to:

The results were fantastic. In TheEighties, MTV was the iTunes ''and'' Website/YouTube of the day, a revolution in pop culture and how music was enjoyed. Countless bands and artists (Music/{{Madonna}}, Music/MichaelJackson, Music/DuranDuran, Music/RickAstley, and just about every HairMetal band) saw their careers [[ColbertBump launched or furthered]] because of the heavy video rotation of some of their songs. If they were popular in the '80s, they were on MTV. Later in the decade, the network would also receive acclaim for devoting time to bands that played what was then called "[[CollegeRadio college rock]]" (now known as AlternativeRock) on their ''120 Minutes'' series, as well as Music/HeavyMetal on ''Headbanger's Ball'' and [[GenreMotif/HipHop hip-hop/rap]] on ''Yo! MTV Raps''. While image, style and appearance were important parts of the music world long before MTV (just look at Music/DavidBowie, Music/TheBeatles Music/TheBeatles, or even Music/ElvisPresley), the network's rise elevated those things into an art form on par with the music itself.



Like any new trend in popular culture, it wouldn't be long before MTV was hit with its first criticism. In its early years, it was targeted for not playing many black artists, although that quickly ended once Music/MichaelJackson became a superstar. Later, in 1985, the HardcorePunk band Music/DeadKennedys released their classic [[http://www.youtube.com/watch?v=0oCPNMZuWwI "MTV Get Off The Air"]], attacking the young network for devaluing the importance of music and for being a corporate shill. MTV's also been a favorite whipping boy for conservative MoralGuardians, who have long felt it to be a den of {{filth}}, dangerous behavior, left-wing activism and {{political correctness|GoneMad}}. Of course, none of this did anything to hurt the network's popularity -- famously, BillClinton's appearances on MTV provided a huge boost to his youth support during his Presidential campaign in 1992.

In TheNineties, MTV started bringing hip-hop acts into regular rotation, and the {{grunge}} and AlternativeRock that had been popularized on ''120 Minutes'' started displacing HairMetal. Later in the decade, MTV was instrumental in the rise of {{boy band}}s, {{girl group}}s and {{idol singer}}s like Music/BritneySpears, Music/ChristinaAguilera, Music/{{TLC}}, Music/DestinysChild, the Music/BackstreetBoys and 'NSync, which themselves partly displaced rock music. Grunge pressed on into {{post-grunge}}, with Music/{{Nickelback}} and Music/{{Creed}} leading the way, and {{nu-metal}} bands like Music/LinkinPark, Music/{{Korn}} and Music/{{Slipknot}} emerged to bring a harder sound into the mainstream -- and act as [[GatewaySeries Gateway Music]] to a whole generation of metalheads [[OldShame no matter how loath]] [[DeaderThanDisco they are to admit it]]. The music videos became more professional, having evolved from marketing tools to encourage album sales into the main attraction. ''Total Request Live'', or ''TRL'', a program where viewers got to vote for their favorite music videos to air, became a sensation, turning host Carson Daly into a celebrity in his own right. It was with the launch of this show that MTV opened its famous studio in [[BigApplesauce Times Square]].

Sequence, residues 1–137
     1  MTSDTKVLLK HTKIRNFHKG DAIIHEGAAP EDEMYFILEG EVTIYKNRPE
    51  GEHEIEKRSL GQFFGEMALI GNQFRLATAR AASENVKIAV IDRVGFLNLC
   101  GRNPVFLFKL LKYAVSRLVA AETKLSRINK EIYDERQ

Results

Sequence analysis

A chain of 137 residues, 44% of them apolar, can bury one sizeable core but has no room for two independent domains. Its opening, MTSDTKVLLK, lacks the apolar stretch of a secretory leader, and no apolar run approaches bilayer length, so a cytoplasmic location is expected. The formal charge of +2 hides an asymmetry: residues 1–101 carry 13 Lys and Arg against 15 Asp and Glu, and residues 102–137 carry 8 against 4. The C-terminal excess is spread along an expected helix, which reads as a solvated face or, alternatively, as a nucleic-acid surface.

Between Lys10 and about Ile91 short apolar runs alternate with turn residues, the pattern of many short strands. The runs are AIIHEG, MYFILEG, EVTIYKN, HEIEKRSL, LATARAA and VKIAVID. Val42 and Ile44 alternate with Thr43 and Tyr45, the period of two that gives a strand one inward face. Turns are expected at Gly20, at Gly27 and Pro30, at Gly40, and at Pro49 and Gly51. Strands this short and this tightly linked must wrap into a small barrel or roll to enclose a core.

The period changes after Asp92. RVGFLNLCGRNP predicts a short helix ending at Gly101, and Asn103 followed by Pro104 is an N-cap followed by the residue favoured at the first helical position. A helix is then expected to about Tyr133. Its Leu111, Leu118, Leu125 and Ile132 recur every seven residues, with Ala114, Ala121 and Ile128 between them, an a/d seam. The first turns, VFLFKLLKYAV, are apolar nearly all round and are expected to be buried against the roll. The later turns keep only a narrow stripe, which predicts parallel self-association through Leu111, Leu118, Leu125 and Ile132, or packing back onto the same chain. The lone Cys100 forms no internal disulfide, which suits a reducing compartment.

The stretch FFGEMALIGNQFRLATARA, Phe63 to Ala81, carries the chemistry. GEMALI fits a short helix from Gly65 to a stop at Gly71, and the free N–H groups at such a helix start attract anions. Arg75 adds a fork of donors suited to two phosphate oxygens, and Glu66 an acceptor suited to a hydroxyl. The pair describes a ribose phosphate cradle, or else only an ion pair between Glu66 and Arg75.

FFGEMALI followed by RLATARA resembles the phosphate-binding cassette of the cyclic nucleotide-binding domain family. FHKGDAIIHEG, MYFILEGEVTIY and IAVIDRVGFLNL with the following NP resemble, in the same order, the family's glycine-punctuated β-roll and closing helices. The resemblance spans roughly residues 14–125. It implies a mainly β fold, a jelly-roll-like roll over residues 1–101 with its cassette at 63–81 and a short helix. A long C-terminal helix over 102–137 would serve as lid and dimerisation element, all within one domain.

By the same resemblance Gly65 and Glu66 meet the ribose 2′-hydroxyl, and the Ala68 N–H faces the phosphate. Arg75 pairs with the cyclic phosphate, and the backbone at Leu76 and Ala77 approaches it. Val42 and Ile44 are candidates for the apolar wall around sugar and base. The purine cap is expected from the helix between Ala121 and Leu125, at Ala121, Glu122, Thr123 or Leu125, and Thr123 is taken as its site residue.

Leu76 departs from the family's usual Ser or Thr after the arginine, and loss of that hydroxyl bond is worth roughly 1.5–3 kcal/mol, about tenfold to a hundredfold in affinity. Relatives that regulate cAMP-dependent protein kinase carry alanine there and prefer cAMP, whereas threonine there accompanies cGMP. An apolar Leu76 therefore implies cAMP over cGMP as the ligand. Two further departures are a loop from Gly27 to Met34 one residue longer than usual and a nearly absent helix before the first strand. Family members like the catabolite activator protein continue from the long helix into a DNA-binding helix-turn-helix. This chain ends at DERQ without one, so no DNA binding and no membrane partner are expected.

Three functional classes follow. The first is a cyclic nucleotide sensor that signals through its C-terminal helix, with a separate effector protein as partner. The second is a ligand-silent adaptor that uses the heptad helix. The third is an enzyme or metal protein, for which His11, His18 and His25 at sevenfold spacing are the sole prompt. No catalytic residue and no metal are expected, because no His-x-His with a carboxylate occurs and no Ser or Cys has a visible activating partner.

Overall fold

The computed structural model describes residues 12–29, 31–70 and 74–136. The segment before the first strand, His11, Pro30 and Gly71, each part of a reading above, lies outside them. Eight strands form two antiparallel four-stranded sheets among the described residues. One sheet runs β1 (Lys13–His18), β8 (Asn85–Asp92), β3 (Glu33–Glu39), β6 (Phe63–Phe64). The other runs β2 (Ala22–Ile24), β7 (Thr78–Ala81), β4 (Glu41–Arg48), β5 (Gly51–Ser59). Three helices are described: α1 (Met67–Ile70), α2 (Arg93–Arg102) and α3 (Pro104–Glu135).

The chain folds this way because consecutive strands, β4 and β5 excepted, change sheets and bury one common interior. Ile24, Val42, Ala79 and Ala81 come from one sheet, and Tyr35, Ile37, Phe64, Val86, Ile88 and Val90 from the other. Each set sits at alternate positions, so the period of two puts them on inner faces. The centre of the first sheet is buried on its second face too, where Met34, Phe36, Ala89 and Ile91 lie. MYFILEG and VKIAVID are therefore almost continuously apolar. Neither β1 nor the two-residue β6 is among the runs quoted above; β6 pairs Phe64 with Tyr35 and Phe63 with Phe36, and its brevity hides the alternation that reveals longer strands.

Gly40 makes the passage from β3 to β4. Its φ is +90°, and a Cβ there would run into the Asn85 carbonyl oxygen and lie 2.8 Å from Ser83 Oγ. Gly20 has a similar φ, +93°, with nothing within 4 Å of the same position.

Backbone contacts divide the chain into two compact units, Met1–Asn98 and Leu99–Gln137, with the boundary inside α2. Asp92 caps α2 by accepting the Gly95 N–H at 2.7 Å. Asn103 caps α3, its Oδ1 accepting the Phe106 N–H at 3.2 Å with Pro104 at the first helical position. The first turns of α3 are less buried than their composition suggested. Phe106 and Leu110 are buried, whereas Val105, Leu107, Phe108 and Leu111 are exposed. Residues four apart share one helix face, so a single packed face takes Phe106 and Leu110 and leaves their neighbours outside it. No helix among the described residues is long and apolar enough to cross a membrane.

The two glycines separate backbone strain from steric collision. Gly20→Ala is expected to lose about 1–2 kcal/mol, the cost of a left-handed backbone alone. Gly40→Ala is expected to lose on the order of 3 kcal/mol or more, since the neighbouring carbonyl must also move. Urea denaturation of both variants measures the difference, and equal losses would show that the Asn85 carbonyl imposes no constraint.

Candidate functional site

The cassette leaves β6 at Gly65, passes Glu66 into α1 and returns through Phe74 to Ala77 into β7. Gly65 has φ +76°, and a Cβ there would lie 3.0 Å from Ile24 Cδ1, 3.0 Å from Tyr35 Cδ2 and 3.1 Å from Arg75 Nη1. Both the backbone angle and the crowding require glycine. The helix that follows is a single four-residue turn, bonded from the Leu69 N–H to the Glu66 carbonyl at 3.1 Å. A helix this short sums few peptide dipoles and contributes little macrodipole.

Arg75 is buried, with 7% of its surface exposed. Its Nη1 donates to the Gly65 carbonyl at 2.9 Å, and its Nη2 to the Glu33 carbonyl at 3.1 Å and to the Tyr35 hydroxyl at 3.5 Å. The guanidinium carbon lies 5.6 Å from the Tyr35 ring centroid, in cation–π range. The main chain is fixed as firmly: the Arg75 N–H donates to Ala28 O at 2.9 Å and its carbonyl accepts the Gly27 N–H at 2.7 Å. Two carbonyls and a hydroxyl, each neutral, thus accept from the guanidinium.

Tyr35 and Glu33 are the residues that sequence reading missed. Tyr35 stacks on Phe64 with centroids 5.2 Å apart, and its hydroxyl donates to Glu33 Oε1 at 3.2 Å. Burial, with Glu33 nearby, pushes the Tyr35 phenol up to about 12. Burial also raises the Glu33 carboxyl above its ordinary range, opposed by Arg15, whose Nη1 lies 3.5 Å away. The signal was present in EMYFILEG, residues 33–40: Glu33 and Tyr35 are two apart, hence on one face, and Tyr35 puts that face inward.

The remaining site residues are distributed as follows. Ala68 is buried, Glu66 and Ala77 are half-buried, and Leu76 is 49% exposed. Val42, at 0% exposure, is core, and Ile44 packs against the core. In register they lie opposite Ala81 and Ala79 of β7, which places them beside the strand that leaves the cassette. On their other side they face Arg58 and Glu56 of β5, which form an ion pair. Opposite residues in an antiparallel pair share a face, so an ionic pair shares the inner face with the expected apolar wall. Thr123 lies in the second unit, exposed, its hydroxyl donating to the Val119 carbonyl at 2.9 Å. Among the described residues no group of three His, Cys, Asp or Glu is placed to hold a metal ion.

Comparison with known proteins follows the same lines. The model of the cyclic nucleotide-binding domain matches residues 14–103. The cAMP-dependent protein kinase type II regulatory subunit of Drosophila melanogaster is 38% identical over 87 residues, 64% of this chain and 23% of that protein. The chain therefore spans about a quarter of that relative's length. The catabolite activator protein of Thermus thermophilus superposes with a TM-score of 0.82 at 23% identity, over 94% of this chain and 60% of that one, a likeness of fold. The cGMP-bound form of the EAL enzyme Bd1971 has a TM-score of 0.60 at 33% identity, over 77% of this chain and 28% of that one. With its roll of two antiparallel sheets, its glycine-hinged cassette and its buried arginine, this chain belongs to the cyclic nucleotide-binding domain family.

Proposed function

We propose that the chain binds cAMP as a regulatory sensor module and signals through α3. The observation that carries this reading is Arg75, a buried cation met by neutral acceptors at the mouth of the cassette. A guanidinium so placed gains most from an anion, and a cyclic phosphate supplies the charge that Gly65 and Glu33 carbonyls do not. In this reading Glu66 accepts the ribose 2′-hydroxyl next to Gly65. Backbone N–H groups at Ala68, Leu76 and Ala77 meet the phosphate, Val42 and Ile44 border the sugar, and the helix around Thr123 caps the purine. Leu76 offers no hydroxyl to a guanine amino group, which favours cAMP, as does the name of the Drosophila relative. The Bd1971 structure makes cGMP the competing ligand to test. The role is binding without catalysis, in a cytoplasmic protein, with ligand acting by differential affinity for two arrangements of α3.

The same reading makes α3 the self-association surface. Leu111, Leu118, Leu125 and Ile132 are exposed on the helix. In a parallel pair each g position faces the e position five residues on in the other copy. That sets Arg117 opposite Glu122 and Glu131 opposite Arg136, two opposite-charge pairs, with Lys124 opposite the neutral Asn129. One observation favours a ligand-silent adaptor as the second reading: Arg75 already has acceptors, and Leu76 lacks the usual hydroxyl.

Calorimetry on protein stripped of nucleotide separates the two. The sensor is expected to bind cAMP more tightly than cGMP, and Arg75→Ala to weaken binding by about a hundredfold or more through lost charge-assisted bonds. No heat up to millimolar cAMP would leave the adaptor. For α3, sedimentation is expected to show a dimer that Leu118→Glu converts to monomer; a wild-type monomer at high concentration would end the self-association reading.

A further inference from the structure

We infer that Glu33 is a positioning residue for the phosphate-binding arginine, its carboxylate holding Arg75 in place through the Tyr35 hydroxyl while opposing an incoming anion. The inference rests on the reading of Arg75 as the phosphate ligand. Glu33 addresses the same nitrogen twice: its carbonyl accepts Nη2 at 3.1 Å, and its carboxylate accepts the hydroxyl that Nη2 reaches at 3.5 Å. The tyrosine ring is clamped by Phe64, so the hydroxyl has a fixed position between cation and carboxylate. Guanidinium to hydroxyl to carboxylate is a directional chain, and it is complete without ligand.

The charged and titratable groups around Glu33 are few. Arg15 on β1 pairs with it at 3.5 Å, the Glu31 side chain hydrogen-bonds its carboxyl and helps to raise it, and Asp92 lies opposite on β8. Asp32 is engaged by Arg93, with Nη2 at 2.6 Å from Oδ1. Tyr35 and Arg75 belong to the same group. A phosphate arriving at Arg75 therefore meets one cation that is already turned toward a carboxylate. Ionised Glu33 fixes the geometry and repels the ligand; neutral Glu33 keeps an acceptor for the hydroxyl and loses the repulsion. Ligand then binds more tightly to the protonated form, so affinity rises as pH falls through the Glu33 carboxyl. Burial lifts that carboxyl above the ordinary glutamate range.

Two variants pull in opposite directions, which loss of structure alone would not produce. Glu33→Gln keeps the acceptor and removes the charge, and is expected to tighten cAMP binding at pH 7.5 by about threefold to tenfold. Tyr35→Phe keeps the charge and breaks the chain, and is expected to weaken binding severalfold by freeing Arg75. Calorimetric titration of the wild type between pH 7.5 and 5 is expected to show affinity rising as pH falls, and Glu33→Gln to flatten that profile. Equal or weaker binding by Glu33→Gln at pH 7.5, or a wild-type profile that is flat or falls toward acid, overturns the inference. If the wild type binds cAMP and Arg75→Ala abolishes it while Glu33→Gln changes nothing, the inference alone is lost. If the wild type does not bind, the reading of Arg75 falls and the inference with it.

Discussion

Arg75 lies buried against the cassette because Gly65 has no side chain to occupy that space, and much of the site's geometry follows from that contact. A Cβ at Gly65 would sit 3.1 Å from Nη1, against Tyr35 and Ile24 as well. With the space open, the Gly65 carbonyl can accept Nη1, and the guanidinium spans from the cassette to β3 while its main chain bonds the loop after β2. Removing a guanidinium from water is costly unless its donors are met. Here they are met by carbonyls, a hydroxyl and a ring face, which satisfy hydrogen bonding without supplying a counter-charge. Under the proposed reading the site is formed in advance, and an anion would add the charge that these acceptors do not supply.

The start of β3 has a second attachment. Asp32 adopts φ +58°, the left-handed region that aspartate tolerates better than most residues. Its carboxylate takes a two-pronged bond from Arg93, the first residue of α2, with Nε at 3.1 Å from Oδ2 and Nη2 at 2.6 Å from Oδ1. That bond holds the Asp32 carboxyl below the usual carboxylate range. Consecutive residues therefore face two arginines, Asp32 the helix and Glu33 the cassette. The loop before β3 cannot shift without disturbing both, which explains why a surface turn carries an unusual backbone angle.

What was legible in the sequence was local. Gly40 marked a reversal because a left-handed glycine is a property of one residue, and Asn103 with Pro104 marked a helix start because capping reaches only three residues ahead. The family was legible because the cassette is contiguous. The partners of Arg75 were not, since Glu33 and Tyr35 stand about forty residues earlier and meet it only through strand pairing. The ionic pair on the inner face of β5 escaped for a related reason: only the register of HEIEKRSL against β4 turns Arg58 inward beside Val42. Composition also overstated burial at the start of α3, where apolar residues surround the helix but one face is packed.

At the same time, a new focus was placed on pop culture in general rather than just music, following the success of non-music shows like ''TheRealWorld'', ''WesternAnimation/BeavisAndButthead'' and others. MTV still played a lot of music, just not as much as it used to. MTV became home to a variety of offbeat original live-action and animated programs, most notably the anthology program ''WesternAnimation/LiquidTelevision'' that [[MorePopularSpinoff spawned]] a number of MTV's best-remembered non-music programs from the '90s, including ''WesternAnimation/AeonFlux'', ''WesternAnimation/TheHead'' and the aforementioned ''B&B''. Other shows from this era include the SketchComedy show ''TheState'', the BloodyHilarious {{claymation}} show ''WesternAnimation/CelebrityDeathmatch'', and the ''B&B'' {{spinoff}} ''WesternAnimation/{{Daria}}''.

The TurnOfTheMillennium was when the NetworkDecay that had been setting in at MTV for the last decade really began to take over. Carson Daly's departure from ''TRL'' in 2003 set that show on a slow decline, finally being cancelled in 2008. Non-music-related shows took over the schedule, pushing music videos into the late night and early morning hours. Most importantly, the rise of online sources such as Website/YouTube, iTunes, and now MTV's own [[http://mtvmusic.com MTV Music]] meant that people no longer needed to watch MTV to get their music video fix, which led to MTV diverting even more hours away from music programming. Today, MTV only plays three hours of music a day (most of it in the early morning hours, and despite music videos being the first to film consistently in the format, didn't even air any videos HighDefinition across any Viacom network until '''August 2012''', long after Fuse had converted to HD), the kids of the "MTV Generation" are in their thirties and forties and having kids of their own, and the network's popularity has faded a great deal since the GloryDays of the '80s and '90s (almost to the point where it can be called DeaderThanDisco, although hit reality shows like ''TheHills'' and ''Series/JerseyShore'' have kept it relevant). But to deny that MTV has, for better or worse, fundamentally shaped popular culture into what it is now would be impossible.